A Summary of Earth’s Climate History-a Geologist’s View

Thoughts from Dr. Eric T. Karlstrom, Emeritus Professor of Geography, California State University, Stanislaus

Earth scientists have learned that earth was significantly warmer than present (by perhaps about 8 to 10 °C) for about 80% of the earth’s 4.6-billion-year history.

From a historical as well as a geological perspective, warming trends are beneficial for humans, for agriculture, and for plants and animals. No “tipping points’ were reached during past geologic intervals when temperatures and CO2 concentrations were much higher than present. In fact, life flourished during these relatively warmer conditions.

For the past 2 million years (Quaternary Period), the earth has been in an ice age comprised of some 20 major glacial/interglacial cycles. Each cycle was characterized by very wide swings of temperature and precipitation.

For the past 10,000 years, the earth has experienced an unusually warm and stable (interglacial) climate known as the Holocene Epoch. The stable and favorable climate of this interglacial allowed for the development of agriculture and human civilization.

71% of the earth is covered with ocean water. 90% of the world’s ice is in Antarctica. Our instrumental climate records only extend about 100 to 150 years back. There are still not enough weather stations on the earth to determine the average temperature of the earth. The best data from satellites and the Argo (ocean robot) systems suggests the planet has been cooling slightly since 1998.

Exhaustive analyses of proxy paleoclimatic records (deep sea cores, ice cores, tree-rings, glacial deposits, soils, loess sequences, cave deposits, pollen studies, etc.) by scientists reveal that past climate changes are complex and of varying frequency and magnitude. There is much we still don’t agree on. Many scientists, including myself, believe climate change is cyclical and these cycles are of varying periodicities.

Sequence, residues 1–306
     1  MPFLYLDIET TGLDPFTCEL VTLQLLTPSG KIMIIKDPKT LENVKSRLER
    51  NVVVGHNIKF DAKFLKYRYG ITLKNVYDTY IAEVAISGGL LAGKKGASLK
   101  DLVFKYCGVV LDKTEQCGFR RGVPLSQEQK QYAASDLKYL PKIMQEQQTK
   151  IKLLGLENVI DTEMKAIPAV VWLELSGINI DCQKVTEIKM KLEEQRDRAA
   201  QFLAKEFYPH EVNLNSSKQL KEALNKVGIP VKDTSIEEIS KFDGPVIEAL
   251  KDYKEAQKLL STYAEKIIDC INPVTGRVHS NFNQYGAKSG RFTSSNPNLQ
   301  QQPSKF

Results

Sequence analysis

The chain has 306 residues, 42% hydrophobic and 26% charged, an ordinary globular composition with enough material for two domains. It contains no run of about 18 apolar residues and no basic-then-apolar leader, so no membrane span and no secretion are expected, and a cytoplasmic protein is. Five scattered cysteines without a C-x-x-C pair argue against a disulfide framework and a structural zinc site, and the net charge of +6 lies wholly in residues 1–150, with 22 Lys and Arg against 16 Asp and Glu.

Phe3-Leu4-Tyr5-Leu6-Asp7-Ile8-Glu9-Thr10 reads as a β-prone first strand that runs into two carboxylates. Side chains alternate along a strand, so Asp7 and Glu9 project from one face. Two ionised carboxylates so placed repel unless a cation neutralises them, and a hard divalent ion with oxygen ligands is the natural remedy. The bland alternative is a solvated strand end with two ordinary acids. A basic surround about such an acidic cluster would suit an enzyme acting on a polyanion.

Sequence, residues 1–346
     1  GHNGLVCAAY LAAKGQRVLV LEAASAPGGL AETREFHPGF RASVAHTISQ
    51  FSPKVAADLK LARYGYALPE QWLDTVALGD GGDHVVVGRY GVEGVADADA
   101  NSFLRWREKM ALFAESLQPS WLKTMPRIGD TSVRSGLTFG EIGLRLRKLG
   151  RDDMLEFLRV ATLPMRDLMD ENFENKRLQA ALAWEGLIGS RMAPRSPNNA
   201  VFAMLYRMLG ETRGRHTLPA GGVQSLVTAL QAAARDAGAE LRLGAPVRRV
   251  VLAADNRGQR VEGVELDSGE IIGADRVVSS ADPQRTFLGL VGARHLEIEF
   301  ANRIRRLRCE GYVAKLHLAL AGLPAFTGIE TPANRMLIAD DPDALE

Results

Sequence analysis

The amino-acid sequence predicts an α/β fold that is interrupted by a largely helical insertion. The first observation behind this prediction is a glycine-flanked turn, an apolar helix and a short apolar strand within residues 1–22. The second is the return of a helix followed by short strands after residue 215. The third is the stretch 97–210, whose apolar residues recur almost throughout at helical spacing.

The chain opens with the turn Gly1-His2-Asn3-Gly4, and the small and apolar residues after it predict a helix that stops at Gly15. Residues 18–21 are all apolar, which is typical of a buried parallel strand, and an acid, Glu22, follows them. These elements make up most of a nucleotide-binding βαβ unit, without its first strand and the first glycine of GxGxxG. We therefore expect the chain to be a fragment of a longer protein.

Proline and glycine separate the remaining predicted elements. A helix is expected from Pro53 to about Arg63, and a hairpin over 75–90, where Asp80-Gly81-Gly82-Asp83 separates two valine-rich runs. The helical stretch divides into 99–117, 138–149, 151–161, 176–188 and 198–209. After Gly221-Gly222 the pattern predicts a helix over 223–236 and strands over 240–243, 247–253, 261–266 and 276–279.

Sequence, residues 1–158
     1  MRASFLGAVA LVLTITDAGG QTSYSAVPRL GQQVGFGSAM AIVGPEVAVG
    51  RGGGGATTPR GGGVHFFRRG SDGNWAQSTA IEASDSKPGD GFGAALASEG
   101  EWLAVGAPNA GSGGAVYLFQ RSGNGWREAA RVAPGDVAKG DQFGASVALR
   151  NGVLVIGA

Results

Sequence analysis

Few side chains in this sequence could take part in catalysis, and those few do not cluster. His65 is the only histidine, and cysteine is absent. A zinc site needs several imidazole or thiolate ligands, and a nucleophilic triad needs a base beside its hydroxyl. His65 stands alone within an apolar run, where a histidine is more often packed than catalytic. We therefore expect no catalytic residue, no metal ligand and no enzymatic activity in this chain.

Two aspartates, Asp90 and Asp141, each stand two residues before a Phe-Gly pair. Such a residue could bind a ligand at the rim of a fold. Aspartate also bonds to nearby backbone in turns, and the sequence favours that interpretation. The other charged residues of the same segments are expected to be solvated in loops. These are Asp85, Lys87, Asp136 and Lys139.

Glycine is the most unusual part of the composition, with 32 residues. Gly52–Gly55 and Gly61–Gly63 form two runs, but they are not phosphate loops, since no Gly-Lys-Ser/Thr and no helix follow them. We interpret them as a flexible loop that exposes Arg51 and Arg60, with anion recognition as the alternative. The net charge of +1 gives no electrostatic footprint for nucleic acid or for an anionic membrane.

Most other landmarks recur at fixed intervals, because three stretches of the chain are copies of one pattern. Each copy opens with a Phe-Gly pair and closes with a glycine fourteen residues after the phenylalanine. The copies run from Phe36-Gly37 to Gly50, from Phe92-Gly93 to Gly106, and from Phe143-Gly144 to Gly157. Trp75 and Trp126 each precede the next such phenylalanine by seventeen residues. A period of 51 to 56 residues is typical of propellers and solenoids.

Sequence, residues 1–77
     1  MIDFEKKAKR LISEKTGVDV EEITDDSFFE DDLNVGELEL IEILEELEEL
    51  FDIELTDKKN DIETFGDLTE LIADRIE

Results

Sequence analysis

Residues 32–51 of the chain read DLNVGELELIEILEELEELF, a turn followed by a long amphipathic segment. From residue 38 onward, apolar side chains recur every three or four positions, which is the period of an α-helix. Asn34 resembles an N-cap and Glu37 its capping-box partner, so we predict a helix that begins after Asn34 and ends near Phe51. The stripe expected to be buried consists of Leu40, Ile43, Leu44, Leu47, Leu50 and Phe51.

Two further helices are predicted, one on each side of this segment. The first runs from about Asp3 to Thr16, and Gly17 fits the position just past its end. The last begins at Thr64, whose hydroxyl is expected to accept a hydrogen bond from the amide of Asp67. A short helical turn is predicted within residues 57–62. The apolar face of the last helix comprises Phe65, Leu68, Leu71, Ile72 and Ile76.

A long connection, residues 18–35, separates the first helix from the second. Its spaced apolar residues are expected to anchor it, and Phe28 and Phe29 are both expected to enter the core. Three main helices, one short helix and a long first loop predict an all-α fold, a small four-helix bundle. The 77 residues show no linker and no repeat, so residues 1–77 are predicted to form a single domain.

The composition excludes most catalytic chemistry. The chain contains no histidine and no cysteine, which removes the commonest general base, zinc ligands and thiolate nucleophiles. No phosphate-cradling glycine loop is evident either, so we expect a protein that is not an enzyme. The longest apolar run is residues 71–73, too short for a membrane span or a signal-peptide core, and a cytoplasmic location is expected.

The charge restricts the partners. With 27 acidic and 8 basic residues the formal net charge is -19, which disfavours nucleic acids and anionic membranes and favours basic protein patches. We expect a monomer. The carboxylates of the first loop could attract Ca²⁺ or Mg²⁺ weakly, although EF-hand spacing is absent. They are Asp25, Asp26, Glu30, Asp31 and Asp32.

The main climate drivers include variations in solar output, ocean circulation dynamics (the ocean stores some 22 times more heat than the atmosphere and circulates that heat around the globe), and orbital variations in the earth-sun-moon system.

Carbon dioxide has a negligible effect on atmospheric temperatures. Rather, because the oceans hold about 50 times more CO2 than the atmosphere, and because the oceans and atmosphere exchange CO2, CO2 fluctuations are mainly caused by changes in ocean temperatures. And ocean temperature changes are mainly driven by the sun.

Because we have seasons, the earth is constantly warming and cooling in various locales. Weather and climate change is a constant. But is the earth as a whole warming or cooling? The answer to this question depends entirely upon the length of the climate record being analyzed. On the basis of many paleoclimatic records, earth scientists agree that the general trend over the past 3 million years has been toward cooling; the trend over the past 15,000 years has been toward warming; the trend over the past 5,000 years has been toward cooling; and there has been a warming trend since Little Ice Age maxima about 1650 AD. The earth warmed very slightly between about 1975 and 1998, and since 1998 the trend has been toward cooling. Read full post

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